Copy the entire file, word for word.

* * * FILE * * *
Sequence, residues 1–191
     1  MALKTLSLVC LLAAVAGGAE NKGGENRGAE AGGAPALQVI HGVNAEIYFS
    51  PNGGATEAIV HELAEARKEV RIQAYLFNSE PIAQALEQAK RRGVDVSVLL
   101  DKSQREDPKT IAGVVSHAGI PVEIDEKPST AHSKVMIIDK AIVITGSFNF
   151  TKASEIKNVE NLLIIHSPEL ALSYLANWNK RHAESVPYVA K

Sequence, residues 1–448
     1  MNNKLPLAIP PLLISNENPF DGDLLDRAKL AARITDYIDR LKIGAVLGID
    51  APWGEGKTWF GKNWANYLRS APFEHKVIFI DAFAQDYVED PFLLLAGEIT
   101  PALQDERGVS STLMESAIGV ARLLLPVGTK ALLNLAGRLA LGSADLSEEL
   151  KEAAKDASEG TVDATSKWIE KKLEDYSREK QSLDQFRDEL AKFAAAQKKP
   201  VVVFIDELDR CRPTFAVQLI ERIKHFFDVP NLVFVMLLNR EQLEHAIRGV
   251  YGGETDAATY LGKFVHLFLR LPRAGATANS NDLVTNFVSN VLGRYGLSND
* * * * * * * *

Sequence, residues 1–191
     1  MALKTLSLVC LLAAVAGGAE NKGGENRGAE AGGAPALQVI HGVNAEIYFS
    51  PNGGATEAIV HELAEARKEV RIQAYLFNSE PIAQALEQAK RRGVDVSVLL
   101  DKSQREDPKT IAGVVSHAGI PVEIDEKPST AHSKVMIIDK AIVITGSFNF
   151  TKASEIKNVE NLLIIHSPEL ALSYLANWNK RHAESVPYVA K

Sequence, residues 1–448
     1  MNNKLPLAIP PLLISNENPF DGDLLDRAKL AARITDYIDR LKIGAVLGID
    51  APWGEGKTWF GKNWANYLRS APFEHKVIFI DAFAQDYVED PFLLLAGEIT
   101  PALQDERGVS STLMESAIGV ARLLLPVGTK ALLNLAGRLA LGSADLSEEL
   151  KEAAKDASEG TVDATSKWIE KKLEDYSREK QSLDQFRDEL AKFAAAQKKP
   201  VVVFIDELDR CRPTFAVQLI ERIKHFFDVP NLVFVMLLNR EQLEHAIRGV
   251  YGGETDAATY LGKFVHLFLR LPRAGATANS NDLVTNFVSN VLGRYGLSND